Conduction is that process of heat transfer which occurs without any overall movement of the substance. Instead, heating one part of a material gives the atoms, molecules and any electrons free to move kinetic energy. They start to vibrate more energetically – heat energy is equivalent to random kinetic energy of all types, rotational, translational and vibrational - hitting surrounding atoms, molecules and electrons, causing them to vibrate. In this way heat energy is passed along, or conducted along a material.

Not all materials conduct well. The most efficient conductors are metals. Metals contain electrons free to move throughout the lattice of the metal. Electrons are light and because they are free to move throughout the metal, may be given a wide range of energy. Most materials that do not contain free electrons are bad conductors. The only way heat can be transmitted from one part to another is by the vibrations of atoms and molecules exciting neighbouring atoms and molecules. Wood is a bad conductor as are most gases and liquids.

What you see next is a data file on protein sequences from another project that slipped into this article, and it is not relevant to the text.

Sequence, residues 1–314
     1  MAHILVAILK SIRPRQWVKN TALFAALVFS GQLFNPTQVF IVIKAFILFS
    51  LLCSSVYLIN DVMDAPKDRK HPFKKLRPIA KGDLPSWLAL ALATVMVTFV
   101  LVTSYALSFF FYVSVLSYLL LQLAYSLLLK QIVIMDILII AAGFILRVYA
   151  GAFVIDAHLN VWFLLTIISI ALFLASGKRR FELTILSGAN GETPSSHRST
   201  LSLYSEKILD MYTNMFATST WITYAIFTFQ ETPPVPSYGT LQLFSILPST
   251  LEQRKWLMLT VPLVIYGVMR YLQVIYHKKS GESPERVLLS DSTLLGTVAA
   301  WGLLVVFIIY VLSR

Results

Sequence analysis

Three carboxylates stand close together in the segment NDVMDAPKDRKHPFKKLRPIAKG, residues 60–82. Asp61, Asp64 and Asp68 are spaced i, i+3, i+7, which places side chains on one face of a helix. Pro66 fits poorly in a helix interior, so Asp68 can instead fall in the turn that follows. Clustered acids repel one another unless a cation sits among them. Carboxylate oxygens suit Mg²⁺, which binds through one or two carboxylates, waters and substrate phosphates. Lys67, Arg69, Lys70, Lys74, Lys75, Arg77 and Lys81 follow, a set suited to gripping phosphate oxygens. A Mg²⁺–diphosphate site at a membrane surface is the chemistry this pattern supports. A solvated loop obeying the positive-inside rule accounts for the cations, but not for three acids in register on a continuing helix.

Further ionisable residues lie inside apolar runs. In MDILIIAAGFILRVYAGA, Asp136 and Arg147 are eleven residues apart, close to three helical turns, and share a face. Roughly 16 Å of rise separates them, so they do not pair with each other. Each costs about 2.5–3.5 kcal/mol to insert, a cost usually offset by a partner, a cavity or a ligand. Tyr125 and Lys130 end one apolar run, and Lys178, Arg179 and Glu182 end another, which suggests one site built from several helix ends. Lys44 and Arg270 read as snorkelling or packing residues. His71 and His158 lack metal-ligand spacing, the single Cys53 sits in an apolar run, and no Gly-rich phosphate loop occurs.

The diagram below shows how good conductors transmit heat along the length of a rod of the material so if covered in wax and placed in contact with hot water, the good conductors will conduct heat allowing much of the wax to melt while bad conductors will not.

Diamond is a counterexample. It has no electrons free to move but is a very good conductor of heat, because of it's outstanding hardness. Diamond is the hardest material known. The hardness of diamond means that the vibration of any part is rapidly transmitted to any other part of the diamond structure.